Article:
A patient with short-sightedness can clear see objects up close, but not at a distance. A patient with long sightedness has the opposite problem; objects both up close and the distance will appear blurred. Astigmatism is an imperfection in the curvature of the eye, which causes vision to be blurred at all distances.In each case, the goal is to reduce a patient’s dependence on glasses.The treatment is most commonly performed for short-sightedness.
During laser vision correction, a laser precisely alters the contour of the front surface of the eye (the cornea), to treat problems such as short-sightedness, long-sightedness and astigmatism.
The purpose of this assessment is to determine the quality of vision and the status of your eye health.
All patients have a full vision, general medical and eye assessment at their clinic consultation. Initially they will see the orthoptist, who has particular expertise in performing the full formal vision assessment. They then see the ophthalmologist, who makes a more detailed assessment, particularly with respect to those aspects relevant to potential surgery. The purpose of this assessment is to determine the quality of vision and the status of your eye health.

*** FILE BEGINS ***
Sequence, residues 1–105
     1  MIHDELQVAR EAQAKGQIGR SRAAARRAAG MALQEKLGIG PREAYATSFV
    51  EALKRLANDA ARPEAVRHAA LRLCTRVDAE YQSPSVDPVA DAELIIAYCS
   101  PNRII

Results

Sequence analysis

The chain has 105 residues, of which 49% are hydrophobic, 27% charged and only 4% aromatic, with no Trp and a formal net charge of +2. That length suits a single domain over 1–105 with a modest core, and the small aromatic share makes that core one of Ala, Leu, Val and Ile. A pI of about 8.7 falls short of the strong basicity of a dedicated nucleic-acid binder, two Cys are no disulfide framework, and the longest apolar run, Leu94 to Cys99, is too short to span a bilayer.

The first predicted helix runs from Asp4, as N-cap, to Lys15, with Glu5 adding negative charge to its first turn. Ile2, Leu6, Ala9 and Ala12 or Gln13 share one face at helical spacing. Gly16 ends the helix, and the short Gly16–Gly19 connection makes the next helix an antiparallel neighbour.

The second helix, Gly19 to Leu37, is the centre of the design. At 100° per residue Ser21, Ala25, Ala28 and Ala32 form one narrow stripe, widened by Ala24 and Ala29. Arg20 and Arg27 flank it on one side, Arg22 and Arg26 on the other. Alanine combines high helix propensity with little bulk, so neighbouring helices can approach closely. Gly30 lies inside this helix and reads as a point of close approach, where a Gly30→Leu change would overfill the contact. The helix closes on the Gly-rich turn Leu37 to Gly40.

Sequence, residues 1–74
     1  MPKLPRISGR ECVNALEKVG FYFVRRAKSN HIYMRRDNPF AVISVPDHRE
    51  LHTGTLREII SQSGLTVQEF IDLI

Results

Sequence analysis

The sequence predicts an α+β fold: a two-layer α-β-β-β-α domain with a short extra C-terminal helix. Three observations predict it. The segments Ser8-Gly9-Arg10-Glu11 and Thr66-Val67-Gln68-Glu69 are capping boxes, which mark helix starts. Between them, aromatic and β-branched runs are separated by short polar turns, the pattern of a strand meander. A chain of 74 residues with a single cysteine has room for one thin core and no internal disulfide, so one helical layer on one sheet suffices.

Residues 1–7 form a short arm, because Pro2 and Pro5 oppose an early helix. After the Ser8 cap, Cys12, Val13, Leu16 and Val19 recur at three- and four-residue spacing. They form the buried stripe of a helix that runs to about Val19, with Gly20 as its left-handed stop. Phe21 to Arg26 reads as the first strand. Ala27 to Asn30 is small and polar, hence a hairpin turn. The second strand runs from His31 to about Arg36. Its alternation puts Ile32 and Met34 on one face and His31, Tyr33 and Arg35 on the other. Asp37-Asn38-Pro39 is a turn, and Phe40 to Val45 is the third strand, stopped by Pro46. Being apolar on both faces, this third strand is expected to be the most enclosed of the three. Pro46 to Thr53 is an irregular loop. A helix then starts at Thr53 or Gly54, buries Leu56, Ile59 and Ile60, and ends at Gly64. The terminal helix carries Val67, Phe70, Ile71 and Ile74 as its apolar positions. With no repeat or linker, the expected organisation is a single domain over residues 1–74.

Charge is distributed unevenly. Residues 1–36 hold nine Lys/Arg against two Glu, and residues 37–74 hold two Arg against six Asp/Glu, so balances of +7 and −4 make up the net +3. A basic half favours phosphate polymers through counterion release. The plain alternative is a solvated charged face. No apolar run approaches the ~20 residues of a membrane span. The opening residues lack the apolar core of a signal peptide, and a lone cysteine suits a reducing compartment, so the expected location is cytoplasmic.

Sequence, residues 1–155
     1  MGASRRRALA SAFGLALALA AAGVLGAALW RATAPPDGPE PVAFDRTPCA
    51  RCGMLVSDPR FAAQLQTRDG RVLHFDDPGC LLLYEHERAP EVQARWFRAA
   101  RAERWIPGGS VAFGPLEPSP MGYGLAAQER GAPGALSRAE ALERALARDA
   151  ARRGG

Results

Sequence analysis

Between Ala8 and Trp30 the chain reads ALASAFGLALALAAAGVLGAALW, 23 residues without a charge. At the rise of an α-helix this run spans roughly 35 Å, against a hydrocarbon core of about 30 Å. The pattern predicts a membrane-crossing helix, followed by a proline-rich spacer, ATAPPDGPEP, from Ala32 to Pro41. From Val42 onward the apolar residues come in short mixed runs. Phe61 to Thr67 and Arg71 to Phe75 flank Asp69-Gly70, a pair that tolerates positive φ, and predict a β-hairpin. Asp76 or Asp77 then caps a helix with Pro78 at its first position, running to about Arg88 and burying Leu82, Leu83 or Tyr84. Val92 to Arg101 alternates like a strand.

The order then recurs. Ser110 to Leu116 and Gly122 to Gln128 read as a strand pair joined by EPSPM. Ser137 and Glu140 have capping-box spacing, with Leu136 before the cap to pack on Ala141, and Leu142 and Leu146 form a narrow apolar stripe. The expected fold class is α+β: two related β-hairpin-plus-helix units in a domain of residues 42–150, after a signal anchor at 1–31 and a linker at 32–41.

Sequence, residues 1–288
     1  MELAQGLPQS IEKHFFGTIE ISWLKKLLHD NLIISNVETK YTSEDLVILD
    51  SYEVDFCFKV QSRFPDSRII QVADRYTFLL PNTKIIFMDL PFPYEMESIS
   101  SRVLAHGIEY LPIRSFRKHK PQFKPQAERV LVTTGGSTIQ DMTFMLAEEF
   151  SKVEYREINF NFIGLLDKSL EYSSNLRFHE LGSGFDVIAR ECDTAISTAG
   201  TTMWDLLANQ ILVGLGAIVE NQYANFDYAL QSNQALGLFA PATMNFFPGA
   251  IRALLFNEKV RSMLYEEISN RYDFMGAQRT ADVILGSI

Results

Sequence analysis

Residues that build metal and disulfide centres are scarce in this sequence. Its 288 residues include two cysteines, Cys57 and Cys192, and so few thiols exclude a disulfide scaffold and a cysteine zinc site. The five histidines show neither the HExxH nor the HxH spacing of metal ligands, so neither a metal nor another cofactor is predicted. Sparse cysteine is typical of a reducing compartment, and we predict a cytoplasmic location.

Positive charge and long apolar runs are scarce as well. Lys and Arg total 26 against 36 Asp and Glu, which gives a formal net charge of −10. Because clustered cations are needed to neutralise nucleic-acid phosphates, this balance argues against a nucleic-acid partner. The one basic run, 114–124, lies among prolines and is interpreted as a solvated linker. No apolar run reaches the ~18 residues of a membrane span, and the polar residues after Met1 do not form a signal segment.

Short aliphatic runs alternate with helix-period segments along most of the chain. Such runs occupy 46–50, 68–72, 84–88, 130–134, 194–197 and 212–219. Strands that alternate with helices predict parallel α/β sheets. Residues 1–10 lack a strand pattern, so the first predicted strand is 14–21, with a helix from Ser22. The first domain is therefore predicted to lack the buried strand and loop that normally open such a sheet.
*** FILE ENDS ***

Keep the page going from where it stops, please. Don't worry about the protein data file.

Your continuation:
Eye surgery is almost always done as a day procedure under local anaesthetic.
It is unnecessary to stay overnight but you will need to put aside half a day. You will lie flat and may have some sensation of the procedure, although this is not painful. You will feel Dr Connell resting his hand on your forehead and you will be able to communicate fully with him.
At the completion of the procedure you will be given some food, a cup of tea or coffee and allowed to travel home with your eye covered with a clear protective shield. You will need someone to accompany you. It is normal to have a foreign-body sensation, similar to sand in the eye. The eye will also water and tears will roll down the face. Paracetamol should be taken if there is any discomfort.
The impact on your day to day life following the surgery is minimal.
Post operative drops are initially instilled four times per day and then reduced. Their duration of use depends on the procedure. Follow-up arrangements with Dr Connell will be made clear prior to surgery. Patients will ultimately consult their optometrist for ongoing care thereafter.
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